Senator Durack - That is not right. One cannot practise on one's own account.


Senator Wright - The employee has a restricted practising certificate and the principal has an unrestricted practising certificate.


Senator MURPHY - One is employed, yes. One cannot act as a principal - as a solicitor - but merely as an employee. That draws the distinction within the profession that was in the 1969 legislation. That legislation had similar provisions in relation to the practising certificate. So it is a matter of words. It can be said, as Senator Wright has put it, that one may do what one likes voluntarily, but in proposed section 15E there is a restriction on the issue of practising certificates which would exclude a great number of persons. There are persons who can obtain a practising certificate, such as employees of the Attorney-General's Department. But persons in other departments cannot. The provision excludes persons who have gained their qualification and experience through universities or similar institutions, whether teaching in law or not. lt excludes those who are acting in a legal capacity in the defence forces. It excludes those employed by the Commonwealth who are not in the AttorneyGeneral's Department, those in private enterprise and those employed by State or local governments, and gives a special privilege to those who happen to be practising in the legal profession in the Australian Capital Territory. That is provided for in sub-section 3 of proposed section 15E, which provides:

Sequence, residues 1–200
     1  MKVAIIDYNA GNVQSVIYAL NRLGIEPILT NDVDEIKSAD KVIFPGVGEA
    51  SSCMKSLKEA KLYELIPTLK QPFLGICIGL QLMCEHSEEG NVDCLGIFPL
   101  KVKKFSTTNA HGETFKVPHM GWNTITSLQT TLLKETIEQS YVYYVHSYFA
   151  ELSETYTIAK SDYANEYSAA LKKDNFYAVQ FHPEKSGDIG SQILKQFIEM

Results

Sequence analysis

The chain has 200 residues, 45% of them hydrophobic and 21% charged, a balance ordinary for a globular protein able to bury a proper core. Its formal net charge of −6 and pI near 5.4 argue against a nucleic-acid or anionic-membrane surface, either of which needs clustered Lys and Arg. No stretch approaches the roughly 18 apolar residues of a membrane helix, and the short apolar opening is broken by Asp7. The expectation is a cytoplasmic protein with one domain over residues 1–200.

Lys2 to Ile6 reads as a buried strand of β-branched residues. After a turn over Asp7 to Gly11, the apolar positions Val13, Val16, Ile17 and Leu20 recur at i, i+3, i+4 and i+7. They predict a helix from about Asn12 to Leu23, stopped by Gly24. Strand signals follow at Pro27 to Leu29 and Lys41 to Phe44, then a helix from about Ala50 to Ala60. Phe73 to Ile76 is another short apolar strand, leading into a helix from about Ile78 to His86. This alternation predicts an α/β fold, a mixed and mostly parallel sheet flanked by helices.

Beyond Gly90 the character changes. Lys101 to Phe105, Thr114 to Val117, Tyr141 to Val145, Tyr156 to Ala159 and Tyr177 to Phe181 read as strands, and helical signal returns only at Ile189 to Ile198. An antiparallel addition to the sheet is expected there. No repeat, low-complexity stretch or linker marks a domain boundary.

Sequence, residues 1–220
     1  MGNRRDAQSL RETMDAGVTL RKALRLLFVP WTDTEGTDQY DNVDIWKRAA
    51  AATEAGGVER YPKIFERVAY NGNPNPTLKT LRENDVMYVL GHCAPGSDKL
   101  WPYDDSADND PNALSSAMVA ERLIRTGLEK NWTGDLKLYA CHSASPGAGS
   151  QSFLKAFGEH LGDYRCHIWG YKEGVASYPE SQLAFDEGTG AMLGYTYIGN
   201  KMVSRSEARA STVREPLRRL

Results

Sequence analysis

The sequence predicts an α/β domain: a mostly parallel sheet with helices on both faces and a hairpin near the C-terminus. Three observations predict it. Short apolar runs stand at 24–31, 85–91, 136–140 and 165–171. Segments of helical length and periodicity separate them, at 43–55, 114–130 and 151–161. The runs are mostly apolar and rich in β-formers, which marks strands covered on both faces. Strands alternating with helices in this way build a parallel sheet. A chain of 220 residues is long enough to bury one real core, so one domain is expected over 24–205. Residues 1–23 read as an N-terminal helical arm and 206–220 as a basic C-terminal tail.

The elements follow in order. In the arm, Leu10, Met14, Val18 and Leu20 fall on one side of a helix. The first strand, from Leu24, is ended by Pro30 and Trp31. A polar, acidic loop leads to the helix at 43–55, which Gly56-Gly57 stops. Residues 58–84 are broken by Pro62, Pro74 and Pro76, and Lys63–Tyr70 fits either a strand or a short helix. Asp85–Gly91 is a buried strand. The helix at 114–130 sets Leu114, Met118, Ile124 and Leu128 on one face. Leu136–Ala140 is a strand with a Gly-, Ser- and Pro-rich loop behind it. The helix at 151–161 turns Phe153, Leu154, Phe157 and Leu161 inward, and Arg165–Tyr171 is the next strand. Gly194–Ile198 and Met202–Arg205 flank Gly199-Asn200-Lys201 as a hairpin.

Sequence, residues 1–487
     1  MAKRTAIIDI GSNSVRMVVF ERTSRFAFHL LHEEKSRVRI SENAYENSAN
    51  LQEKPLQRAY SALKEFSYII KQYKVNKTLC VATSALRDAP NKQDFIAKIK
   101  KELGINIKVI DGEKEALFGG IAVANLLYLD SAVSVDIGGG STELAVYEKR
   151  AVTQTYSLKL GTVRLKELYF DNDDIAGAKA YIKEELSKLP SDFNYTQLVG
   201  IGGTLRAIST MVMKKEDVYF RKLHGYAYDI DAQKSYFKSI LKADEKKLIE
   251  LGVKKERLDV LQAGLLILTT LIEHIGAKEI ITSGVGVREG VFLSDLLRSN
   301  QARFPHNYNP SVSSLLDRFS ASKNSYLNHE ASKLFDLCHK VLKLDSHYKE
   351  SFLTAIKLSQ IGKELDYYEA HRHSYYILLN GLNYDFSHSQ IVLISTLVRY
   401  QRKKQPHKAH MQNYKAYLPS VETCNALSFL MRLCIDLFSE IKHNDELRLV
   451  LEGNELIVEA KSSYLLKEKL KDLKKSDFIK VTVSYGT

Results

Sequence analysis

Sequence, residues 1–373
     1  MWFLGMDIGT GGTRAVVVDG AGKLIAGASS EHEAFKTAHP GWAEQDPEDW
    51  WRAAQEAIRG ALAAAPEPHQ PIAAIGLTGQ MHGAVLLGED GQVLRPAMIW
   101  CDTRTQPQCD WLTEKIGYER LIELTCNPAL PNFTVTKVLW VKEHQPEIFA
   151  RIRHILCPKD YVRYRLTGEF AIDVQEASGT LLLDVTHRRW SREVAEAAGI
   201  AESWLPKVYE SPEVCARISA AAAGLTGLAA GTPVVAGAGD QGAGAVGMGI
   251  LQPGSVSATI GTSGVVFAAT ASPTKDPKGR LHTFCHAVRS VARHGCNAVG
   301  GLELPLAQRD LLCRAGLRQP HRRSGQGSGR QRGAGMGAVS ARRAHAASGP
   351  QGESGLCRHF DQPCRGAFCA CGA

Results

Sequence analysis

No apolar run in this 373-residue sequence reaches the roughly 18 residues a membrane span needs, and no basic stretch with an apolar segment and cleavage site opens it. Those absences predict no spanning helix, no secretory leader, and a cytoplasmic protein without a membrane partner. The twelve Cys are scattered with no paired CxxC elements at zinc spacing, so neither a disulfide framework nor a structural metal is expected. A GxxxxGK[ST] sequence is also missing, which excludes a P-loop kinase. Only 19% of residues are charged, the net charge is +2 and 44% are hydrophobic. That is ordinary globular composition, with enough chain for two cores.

This section does not apply in relation to a person who was, immediately before the commencement of this Part, practising in the Territory as a solicitor on his own account or in partnership with another barrister and solicitor if, within the period of 3 months after the commencement of this Part, he applies for an unrestricted practising certificate.

That is restricted to those in the Territory. One is not surprised, if the tendency to restrict practice is in such favourable terms to those in the Territory, that they - all of them - do not view this with disfavour. The objection remains that if this provision goes through there will be a divided legal profession. Although in theory there will be barristers and solicitors some people, by the operation of the practising certificate, will be prevented from doing what they want to do. We will not have the ideal stale of affairs, which is what we want and which is agreed on all hands to be desirable, of a person complying with whatever rules apply on admission and being able to practise whatever capacity he wants to practice in.


Senator James McClelland (NEW SOUTH WALES) - Do they have this triangular division in Tasmania?


Senator MURPHY - No, they do not.


Senator Wright - I beg your pardon?


Senator MURPHY - Does this triangular division exist in Tasmania?